By Vikas Prakash Joshi
On the occasion of World Honeybee Day, celebrated every year on the third Saturday of August, it is significant to note that India is today the world’s sixth largest producer of honey. (1) Over 2.5 lakh farmers in India are involved in beekeeping or ‘apiculture’ as a business, as per the data of the Khadi and Village Industries Commission (KVIC).(2)
Beekeeping offers several advantages to farmers: its input costs are low, it helps in pollination of flowers, thus helping farmers with producing their crops. There is a growing market for it as well, as demand for healthier alternatives to sugar drives demand for honey and other sugar substitutes. Beekeeping also has applications in candle making; beeswax is used for making candles. Recognizing the potential of this sector, in September 2017, Prime Minister Narendra Modi had called for a ‘sweet revolution’ in honey production on the lines of the white revolution in milk or blue revolution in fishing.
In fact, experts like Dr. Shantanu Jha, Professor, Agricultural Entomology, of the Bidhan Chandra Krishi Vishwavidyalaya in West Bengal say that India has potential to maintain least 200 million bee colonies, which could provide employment to 215 lakh people. However, the current reality of the beekeeping or apiculture industry in India is a far cry from this. According to the data of the KVIC, India at present has only 25 lakh bee colonies.
Challenges of apiculture
The reason for the divergence between potential and reality is rooted in several challenges that apiculture faces in India. As the majority of those involved in beekeeping are small and marginal farmers they lack the capacity to invest in marketing infrastructure. Second, the beekeepers often lack training in managing their bees. Third, beekeepers in rural areas find it difficult to reach consumers beyond their village.
Watershed Organisation Trust (WOTR), in light of the above potential and the challenges, has taken steps in Jharkhand to promote apiculture and thereby boost livelihoods and incomes of the local community.
Sujaya Dangwar, Assistant Manager at WOTR’s Regional Resource Centre in Murhu, Jharkhand, says “Apiculture or beekeeping is a good source of supplementary income for forest dwellers. It also helps farmers immensely as bees pollinate crops. Under the Wasundhara project, we identified it as a livelihood option and our project location gave us the opportunity to try out this source of livelihood with farmers. The key problems we identified were lack of training and skilled human resource for taking up bee keeping. Secondly farmers who wanted to take up bee keeping did not have boxes to store bees. So besides training, we provided the interested farmers with boxes for undertaking apiculture.”
One such beneficiary under the programme is Sudarshan Besra (35), who practices beekeeping in Sidhu Karanjtoli village in Jharkhand’s Murhu block. He narrates his story to us.
Sudarshan Besra, a beekeeper in Sidhu Karanjtoli village of Jharkhand’s Murhu block. Photo: Vikas Prakash Joshi
He says “My father practiced beekeeping as a profession and I too continued this tradition, but I had only 20 boxes and lacked know-how in the technical aspects of beekeeping. The boxes are used for breeding bees. Four years ago in 2014, I received some training in beekeeping from a Ranchi-based non-governmental organisation. This inspired me to expand my beekeeping business. However, for this I needed more boxes so that I could breed more bees. In February 2018, when I came to know that WOTR provided assistance to farmers who wished to take up apiculture, I requested assistance in this regard. It was a great help when WOTR gave me 103 boxes to help in this regard. Each box costs around Rs. 2,500 of which I had to contribute Rs. 250 per box. Besides, one of my sisters also received training from WOTR in making candles from bees wax.”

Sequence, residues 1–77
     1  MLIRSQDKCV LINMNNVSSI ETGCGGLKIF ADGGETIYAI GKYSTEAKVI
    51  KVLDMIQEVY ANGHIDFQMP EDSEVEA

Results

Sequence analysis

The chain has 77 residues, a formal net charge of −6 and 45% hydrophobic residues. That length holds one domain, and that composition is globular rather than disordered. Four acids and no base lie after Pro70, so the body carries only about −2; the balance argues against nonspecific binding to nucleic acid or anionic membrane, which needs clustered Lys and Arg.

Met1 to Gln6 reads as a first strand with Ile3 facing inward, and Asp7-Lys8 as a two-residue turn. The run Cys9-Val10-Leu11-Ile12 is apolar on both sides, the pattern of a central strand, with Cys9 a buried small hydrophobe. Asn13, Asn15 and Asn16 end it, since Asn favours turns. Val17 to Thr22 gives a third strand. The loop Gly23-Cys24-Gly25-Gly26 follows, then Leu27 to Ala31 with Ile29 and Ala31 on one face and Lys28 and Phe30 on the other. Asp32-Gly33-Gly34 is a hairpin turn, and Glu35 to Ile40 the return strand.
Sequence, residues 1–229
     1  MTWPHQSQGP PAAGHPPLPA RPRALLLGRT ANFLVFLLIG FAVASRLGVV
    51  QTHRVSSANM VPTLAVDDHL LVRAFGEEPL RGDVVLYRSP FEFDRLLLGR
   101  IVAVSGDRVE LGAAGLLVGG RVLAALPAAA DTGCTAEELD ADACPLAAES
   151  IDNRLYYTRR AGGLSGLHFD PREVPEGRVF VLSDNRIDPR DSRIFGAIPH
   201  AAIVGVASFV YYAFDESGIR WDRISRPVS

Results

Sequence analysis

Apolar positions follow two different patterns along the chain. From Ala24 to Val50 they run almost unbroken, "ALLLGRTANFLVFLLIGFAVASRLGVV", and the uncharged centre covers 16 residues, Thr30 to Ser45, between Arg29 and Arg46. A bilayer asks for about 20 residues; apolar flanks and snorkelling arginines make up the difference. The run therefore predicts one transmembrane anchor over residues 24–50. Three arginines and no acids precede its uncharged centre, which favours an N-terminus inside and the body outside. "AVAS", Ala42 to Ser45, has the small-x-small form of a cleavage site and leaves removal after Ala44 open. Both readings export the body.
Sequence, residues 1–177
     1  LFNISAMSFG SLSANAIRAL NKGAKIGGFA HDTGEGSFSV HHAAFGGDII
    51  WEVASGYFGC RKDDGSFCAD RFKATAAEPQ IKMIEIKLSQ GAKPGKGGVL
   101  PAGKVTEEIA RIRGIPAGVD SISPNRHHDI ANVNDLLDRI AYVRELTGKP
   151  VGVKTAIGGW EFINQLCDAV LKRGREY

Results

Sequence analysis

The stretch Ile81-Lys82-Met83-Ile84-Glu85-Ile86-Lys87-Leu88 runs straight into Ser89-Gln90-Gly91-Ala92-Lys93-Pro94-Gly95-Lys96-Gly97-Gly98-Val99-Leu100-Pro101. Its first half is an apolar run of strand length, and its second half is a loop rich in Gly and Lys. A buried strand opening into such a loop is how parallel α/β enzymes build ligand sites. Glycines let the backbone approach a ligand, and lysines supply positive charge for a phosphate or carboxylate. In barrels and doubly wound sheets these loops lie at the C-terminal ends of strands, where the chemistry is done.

Sudarshan explains that there are two kinds of bees widely present in Jharkhand and India; Indian bees and Italian bees. While local honeysellers like Sudarshan depend more on Indian or local bees, but bigger companies depend on Italian bees, which are generally more productive than Indian bees. “The productivity of Italian bees is greater than Indian bees. In a year, a colony of Italian bees gives up to 30 to 40 kg of honey per colony per year. The local honeybees, on the other hand, can give you 10 to 12 kg of honey per colony per year or less. This difference in production makes it challenging for small beekeepers to compete. ”
Sudarshan Besra standing in front of his honey boxes. Photo: Vikas Prakash Joshi
He also points out that small beekeepers like him face other challenges, but expresses hope for the future. “Thanks to WOTR, I have over 123 boxes, as compared to just 20 beforehand. But with more boxes, the honey production will increase in the times to come. The local villages around here cannot sustain this demand. We sell honey at around Rs. 500 per kg, and some customers here find it expensive, so we need to reach consumers in Murhu town and Ranchi. But there we face competition from major companies as well, who produce bottled honey. So we need market linkages and more consumer awareness of our honey. This is the next big challenge for small beekeepers. If these can be tackled through cooperatives and Farmer Produce Organisations, beekeeping can indeed be a very good livelihood option for farmers. We too could taste the sweet taste of success,” he signs off.
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